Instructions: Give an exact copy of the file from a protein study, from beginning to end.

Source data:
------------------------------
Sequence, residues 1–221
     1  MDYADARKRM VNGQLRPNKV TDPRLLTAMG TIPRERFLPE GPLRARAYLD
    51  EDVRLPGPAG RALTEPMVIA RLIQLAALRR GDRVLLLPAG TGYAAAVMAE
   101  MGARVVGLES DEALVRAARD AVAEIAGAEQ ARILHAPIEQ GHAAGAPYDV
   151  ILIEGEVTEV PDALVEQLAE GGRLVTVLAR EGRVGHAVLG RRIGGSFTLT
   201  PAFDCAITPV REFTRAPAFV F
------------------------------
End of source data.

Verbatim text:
Sequence, residues 1–221
     1  MDYADARKRM VNGQLRPNKV TDPRLLTAMG TIPRERFLPE GPLRARAYLD
    51  EDVRLPGPAG RALTEPMVIA RLIQLAALRR GDRVLLLPAG TGYAAAVMAE
   101  MGARVVGLES DEALVRAARD AVAEIAGAEQ ARILHAPIEQ GHAAGAPYDV
   151  ILIEGEVTEV PDALVEQLAE GGRLVTVLAR EGRVGHAVLG RRIGGSFTLT
   201  PAFDCAITPV REFTRAPAFV F